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PHUKET: Following the King’s Cup Regatta’s beautiful sunshine and reliable winds on opening day, day two threw up a markedly different challenge demanding a very high work rate from sailors. The light wind did indeed betray yesterday’s fastest runners at times, adding its own twist to the neck-and-neck finishes that are unfolding across almost all of the classes. This has been a great opening to what’s shaping up to be an exceptional Phuket King’s Cup.

Sarab Jeet Singh and the Windsikher II team kicked it up a notch from their two runner-up spots with an excellent victory in the third race of IRC0. The pack of Australian runners and riders challenging from behind could not match the team’s performance in these light conditions. In race four, Raymond Roberts skippering Millennium Racing overcame its handicap to win ahead of Sarab’s team in second; Windsikher II struck back in race five to comprehensively reclaim day two of the Phuket King’s Cup Regatta.

Races three to five in IRC1 saw two Singaporean sail numbers jousting for top position; Blue Note and Rerefine, ahead of a dense and aggressive pack snapping at their heels. Matti Sep skippering Blue Note was quickest in race three, with just four minutes separating the whole fleet on elapsed times. In race four, they were runners-up behind Kenn Eyears skippering Rerefine. Blue Note took race five, again with close finishing throughout the Class.

Roland Dane’s Jessandra II team was on great form to win again on day two in IRC2. They bested their closest rivals in race three, Japanese entry Karasu, although not by a huge margin. This one will remain extremely competitive until its last breath, with close finishes expected each day. Karasu raced well in the second and third races of the day, showing power and indomitable spirit – and benefiting from a handicap kinder to Karasu than its rivals.

In Premier Class it’s a battle of the X55’s with defending champions Pine Pacific making it look easy so far. Another win starts to cement the basis of their Regatta claim in the early stages, although there’s more performance to come from rivals, perhaps.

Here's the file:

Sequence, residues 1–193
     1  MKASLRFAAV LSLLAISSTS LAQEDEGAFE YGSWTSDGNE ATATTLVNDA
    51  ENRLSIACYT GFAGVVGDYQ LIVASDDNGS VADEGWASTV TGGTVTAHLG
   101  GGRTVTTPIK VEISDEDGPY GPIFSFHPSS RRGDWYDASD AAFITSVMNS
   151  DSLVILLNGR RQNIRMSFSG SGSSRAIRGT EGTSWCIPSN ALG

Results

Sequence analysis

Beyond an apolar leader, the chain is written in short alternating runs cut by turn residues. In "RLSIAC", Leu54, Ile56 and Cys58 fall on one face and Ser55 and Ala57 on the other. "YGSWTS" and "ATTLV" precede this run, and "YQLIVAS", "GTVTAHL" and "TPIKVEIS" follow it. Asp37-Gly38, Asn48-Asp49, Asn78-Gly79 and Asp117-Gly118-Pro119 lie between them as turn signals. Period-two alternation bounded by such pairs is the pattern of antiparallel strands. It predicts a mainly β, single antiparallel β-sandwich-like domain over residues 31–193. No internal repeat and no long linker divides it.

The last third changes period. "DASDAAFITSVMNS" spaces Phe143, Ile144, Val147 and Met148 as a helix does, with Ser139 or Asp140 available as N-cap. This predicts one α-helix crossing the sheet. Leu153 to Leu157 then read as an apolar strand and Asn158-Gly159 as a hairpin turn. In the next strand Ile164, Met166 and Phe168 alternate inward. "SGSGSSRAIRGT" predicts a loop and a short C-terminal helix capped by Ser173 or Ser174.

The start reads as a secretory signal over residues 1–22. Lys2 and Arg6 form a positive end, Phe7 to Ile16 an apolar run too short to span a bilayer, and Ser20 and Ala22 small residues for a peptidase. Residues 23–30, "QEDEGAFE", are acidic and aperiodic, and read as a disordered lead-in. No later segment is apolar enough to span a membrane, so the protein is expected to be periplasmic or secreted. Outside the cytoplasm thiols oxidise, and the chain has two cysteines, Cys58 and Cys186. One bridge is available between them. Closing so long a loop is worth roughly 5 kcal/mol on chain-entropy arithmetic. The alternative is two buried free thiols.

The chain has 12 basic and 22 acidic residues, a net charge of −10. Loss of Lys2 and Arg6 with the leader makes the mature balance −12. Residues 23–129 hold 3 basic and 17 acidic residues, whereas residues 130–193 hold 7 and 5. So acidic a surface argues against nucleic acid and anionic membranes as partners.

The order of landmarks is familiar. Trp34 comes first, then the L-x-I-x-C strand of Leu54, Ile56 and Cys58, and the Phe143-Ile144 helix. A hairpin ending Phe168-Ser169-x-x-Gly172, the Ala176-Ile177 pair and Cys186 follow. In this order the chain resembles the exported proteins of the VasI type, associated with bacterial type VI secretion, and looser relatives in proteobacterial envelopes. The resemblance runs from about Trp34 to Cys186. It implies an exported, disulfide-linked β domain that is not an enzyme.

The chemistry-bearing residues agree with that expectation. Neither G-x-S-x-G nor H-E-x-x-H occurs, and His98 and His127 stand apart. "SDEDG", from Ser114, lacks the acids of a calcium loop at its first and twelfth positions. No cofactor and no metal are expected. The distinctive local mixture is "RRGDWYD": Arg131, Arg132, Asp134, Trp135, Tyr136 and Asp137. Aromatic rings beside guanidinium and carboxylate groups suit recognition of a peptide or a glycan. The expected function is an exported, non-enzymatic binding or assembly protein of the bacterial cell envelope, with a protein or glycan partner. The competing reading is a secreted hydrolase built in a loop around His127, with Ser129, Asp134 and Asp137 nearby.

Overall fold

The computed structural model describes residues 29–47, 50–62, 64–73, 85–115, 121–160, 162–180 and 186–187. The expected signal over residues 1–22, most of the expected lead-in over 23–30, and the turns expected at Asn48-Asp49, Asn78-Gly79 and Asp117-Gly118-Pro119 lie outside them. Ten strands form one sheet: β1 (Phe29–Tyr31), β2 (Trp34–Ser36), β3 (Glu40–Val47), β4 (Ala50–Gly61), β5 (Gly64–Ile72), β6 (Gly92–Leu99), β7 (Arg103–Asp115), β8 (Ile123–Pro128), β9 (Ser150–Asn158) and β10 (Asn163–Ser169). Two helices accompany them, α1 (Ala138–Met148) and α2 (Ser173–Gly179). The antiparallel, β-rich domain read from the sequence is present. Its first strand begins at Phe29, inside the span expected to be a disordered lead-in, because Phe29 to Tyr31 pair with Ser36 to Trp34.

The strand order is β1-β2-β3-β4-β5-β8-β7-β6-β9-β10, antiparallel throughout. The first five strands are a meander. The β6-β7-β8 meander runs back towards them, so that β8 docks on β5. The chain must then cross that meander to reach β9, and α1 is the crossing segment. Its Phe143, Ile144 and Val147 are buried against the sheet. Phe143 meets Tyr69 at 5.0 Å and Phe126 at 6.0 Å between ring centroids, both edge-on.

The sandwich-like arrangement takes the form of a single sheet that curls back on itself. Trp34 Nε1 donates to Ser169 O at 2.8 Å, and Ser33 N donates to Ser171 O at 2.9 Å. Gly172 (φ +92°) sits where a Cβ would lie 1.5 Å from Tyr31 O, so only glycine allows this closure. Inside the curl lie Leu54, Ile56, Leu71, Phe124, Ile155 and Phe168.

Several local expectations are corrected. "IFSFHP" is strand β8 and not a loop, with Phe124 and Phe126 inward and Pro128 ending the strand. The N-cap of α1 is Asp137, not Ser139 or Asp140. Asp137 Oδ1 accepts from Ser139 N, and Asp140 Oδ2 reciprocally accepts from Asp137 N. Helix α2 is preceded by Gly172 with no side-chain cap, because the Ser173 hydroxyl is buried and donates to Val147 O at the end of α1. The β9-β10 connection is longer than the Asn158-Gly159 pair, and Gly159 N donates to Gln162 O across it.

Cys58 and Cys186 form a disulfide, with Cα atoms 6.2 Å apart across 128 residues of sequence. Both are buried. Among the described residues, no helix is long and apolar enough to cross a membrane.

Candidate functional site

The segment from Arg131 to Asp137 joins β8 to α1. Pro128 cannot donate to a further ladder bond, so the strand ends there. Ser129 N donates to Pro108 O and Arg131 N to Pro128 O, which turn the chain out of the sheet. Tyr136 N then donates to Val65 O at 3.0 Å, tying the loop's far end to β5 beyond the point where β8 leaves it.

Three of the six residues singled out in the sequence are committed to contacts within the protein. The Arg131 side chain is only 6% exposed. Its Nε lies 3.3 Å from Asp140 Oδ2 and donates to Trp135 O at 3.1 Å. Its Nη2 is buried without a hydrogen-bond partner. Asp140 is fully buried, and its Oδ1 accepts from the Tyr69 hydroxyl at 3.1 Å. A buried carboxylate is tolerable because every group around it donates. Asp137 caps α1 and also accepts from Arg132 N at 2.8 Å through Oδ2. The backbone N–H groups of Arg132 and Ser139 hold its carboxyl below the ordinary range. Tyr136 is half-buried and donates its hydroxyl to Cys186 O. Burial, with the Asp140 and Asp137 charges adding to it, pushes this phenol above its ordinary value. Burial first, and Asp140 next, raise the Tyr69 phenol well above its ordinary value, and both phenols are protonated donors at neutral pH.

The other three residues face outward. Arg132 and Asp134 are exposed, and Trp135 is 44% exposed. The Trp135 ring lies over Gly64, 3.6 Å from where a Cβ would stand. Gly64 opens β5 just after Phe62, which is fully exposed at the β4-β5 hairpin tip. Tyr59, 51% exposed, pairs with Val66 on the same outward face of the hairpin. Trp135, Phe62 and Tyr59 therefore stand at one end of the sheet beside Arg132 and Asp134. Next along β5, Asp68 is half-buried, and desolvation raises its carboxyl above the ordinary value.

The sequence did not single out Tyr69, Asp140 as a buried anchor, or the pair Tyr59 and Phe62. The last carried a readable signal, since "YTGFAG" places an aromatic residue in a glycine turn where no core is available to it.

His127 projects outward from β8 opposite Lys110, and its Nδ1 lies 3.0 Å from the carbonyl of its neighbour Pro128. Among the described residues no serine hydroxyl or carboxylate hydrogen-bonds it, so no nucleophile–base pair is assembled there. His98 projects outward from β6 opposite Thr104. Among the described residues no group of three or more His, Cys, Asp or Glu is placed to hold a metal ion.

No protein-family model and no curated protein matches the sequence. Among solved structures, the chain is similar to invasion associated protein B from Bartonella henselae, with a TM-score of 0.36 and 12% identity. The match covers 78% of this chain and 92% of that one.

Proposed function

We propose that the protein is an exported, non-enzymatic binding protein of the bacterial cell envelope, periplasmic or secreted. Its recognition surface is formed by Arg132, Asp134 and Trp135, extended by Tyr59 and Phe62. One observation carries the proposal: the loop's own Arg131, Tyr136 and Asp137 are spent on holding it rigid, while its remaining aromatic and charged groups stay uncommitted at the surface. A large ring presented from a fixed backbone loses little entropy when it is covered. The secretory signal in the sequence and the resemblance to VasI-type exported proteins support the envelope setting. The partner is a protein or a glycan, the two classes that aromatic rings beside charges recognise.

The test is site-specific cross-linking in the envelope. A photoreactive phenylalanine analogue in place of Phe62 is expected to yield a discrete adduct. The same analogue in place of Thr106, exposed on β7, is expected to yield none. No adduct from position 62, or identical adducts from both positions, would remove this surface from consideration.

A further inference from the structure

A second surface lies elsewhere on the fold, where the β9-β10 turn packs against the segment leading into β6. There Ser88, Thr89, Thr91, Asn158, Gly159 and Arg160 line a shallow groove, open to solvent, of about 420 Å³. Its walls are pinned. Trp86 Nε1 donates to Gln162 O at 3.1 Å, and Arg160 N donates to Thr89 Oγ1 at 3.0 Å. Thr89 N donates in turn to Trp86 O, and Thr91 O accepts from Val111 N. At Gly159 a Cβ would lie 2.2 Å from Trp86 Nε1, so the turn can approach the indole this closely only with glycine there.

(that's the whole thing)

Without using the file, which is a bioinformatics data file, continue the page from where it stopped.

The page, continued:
Bareboat Charter Class comprises a fleet of 14 traditional shallow draft bareboat yachts, including four Japanese teams and seven Russian teams. Andrey Novikov skippering Alexa were quickest again in race two, with another Russian team, Isabella, coming in second place after being defeated by a heavy handicap. Race three went to Alexa too. The Regatta’s most popular class is proving it can deliver the exceptional levels of competitive spirit and accessibility it was designed to promote.

Past champions Popeye (Ex Sailplane) won both races in Open Charter, calmly building up a nice early lead. Big Boy Sailing Team on the new charter configured J130 placed second, and third in race three.

The Royal Thai Navy entry, Thai Navy 1 skippered by Chief Petty Officer First Class Wiwat Poonpat, was victorious today in Modern Classic Class, marking a fitting tribute to the sailing prowess and inspiration of HM King Bhumibol Adulyadej. The Thai Navy sailors were exceptional, coming home in first place and remaining winners on corrected times following handicap correction in both races. Thailand continues to bloom as a natural home for fostering superb sailing talents, with the Royal Thai Navy, the Phuket King’s Cup Regatta and its numerous supporting partners and sponsors dedicated to growing the sport of sailing in Thailand.

Cruising Class offed up a new winner in the shape of British-registered entry Rogue, skippered by Alan Hogg. Previous champion Lady Bubbly could only manage 9th in race 3 on a seeming uncharacteristically challenging day. The second race of the day was awarded to Mohawk skippered by Tony Byrnes.

There are only two boats competing in Classic Class this year, Vintage 6r4 yacht Selma and Japanese new build Umeboshi. Both boats finished today, with Selma a long way in front (on similar handicaps).

Firefly 850 Sports Class is a fleet of five past winners, and today it was Twin Sharks skippered by John Newnham who beat Hans Rahmann’s Voodoo to the top placing for all three races. An extremely competitive (and fast) field will be trading blows all week, as attacks could come from a multitude of directions, but Twin Sharks looks to be rock-solid pacesetter so far. It will need a massive effort from Rahmann’s crew if the British team are not to run away with things early. The 850’s served up one of last year’s most entertaining Class battles, with war continuing seemingly without interruption into the 29th Phuket King’s Cup run.

John Coffin skippering Java won the Multihull Racing Class race 2, while Alan Carwardine and his Asia Catamarans Hurricane team claimed its second runner-up spot. Race 3 was all change, with Hurricane sailors achieving a much-deserved win. With Java in second, the top two challengers have emerged early on. Alan Carwardine’s ACH crew took another second place in race 4, unable to match the outright pace of Java.

Among the Cruising Multihulls, Cruising Cats ranging from 38ft to 67ft competed in a very open field of entrants. Grant Horsefield skippering a boat named Arabella’s Naked Dad took the win, with familiar King’s Cup competitor Star Fruit in second. Japanese entry Minnie could not match their outstanding form from last year’s Phuket King’s Cup, but will likely come back hard to attempt to overcome their considerable handicap.

The new Performance Multihull Class consists of five new Corsair Pulse 600 yachts on only their second outing. Sudu3 skippered by Elizabeth Schoch won brilliantly in a class with no handicaps, leading to classic one-make series action – and absolutely no margin for error. Multihull Solutions H3O took race 3, with another tight finish at the conclusion.